In response to Tim Bradshaw: Will playing down the Brexit bounce rebound on Boris?
Whilst I agree that reforms to the Anywhere class are needed, turkeys do not vote for Christmas: hence the switch in campaigning away from Brexit by the Tories, to shore up support in the Anywhere south. Thus the tightening in the polls, when Labour realised they had the opposite problem and began their wooing noises about ‘Come on Home’ to the Somewhere voters in the Midlands and North.
It remains to be seen which party’s transvestite apparel is revealed first. It also remains to be seen which party adapts fastest, because neither has a solid enough coalition to address the changed political climate.
johnnydubb wrote: An excellent article.
Today we vote. A choice between a socialist party and a Marxist party. Let’s hope that the Brexit Party matures into a combination of the best of old-fashioned Labour and Conservative values, which I think existed only briefly, if ever.
James Alexander wrote: Good article, thank you.
The unwashed masses who are expected to vote once every few years may have had a degree of awakening as to what our politicians, media, etc are up to but it takes VERY little to get them back into their boxes during, or afterwards, as witnessed by the return of traditional tribalism only a few months on from The Brexit Party receiving 60 per cent-plus of their votes in some constituencies.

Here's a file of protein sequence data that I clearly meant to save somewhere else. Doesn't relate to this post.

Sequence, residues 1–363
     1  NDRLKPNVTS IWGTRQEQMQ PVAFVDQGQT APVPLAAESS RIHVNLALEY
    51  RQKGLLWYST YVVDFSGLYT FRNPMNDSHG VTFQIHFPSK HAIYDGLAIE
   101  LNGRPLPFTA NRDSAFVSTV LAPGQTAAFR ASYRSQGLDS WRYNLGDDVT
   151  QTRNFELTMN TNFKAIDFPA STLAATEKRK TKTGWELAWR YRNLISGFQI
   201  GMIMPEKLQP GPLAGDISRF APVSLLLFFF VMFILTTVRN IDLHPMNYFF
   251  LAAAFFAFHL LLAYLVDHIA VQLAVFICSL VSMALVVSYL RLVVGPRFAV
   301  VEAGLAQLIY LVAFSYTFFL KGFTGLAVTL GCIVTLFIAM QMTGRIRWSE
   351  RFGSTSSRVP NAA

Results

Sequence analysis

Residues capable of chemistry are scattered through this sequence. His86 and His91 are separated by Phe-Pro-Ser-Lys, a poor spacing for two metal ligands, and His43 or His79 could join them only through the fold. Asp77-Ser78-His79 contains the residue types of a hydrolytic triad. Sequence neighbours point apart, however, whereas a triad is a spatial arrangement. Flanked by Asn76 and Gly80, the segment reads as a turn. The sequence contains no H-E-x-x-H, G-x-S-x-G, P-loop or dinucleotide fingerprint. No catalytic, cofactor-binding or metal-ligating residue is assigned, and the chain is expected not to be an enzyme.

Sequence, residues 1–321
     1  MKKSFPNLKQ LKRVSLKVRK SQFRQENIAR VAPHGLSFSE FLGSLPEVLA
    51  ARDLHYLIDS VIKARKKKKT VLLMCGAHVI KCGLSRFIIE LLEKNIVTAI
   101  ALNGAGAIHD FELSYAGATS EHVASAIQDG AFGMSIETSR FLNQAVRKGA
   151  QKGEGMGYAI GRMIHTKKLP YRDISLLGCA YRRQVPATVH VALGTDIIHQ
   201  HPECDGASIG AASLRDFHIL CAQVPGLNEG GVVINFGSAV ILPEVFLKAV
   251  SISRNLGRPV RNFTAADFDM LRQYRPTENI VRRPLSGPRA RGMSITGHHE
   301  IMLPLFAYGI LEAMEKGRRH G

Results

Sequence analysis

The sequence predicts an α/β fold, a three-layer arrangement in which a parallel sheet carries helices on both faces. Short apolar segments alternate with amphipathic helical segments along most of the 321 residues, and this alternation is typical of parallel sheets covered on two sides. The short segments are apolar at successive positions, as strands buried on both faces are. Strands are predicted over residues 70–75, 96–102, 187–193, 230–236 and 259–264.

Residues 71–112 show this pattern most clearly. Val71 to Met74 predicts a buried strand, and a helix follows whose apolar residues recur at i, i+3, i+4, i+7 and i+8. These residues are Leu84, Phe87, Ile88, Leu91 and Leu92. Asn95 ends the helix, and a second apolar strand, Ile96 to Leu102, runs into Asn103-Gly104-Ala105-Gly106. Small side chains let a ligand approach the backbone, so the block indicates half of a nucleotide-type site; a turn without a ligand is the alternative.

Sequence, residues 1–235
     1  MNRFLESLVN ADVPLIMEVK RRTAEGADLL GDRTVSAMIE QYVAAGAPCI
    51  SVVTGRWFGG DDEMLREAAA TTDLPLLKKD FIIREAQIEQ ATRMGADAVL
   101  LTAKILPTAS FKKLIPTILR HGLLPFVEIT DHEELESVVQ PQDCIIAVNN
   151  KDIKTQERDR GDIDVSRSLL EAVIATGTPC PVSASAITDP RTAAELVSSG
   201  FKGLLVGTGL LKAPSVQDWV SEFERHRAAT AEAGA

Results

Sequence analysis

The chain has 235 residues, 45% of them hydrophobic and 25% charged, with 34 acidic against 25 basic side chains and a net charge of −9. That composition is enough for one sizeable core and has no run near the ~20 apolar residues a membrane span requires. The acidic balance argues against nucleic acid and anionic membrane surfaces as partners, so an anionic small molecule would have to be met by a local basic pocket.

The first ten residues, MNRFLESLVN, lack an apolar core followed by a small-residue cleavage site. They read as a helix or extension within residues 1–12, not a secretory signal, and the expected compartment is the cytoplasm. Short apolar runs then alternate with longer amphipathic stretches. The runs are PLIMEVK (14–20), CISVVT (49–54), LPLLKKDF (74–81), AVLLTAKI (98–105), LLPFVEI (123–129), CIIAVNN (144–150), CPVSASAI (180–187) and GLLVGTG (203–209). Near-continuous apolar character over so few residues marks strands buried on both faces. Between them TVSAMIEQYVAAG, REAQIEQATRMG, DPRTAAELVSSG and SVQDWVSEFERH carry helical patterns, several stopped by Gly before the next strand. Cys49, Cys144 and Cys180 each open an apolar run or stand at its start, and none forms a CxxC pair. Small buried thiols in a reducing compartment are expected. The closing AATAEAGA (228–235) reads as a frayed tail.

And this is NOT a ‘normal’ General Election, Brexit is the primary issue.
To borrow another Orwell quote, ‘If there is hope, it lies in the proles.’
And you know how well that turned out.
Brexit should be invigorating change and challenge, but it is being presented as ‘continuity’, ‘get Brexit done’ and that unfortunate stone in the road will be done with.
To me, the tone of voice in ‘get Brexit done’ has always been closer to what you might say when your horse has broken its legs.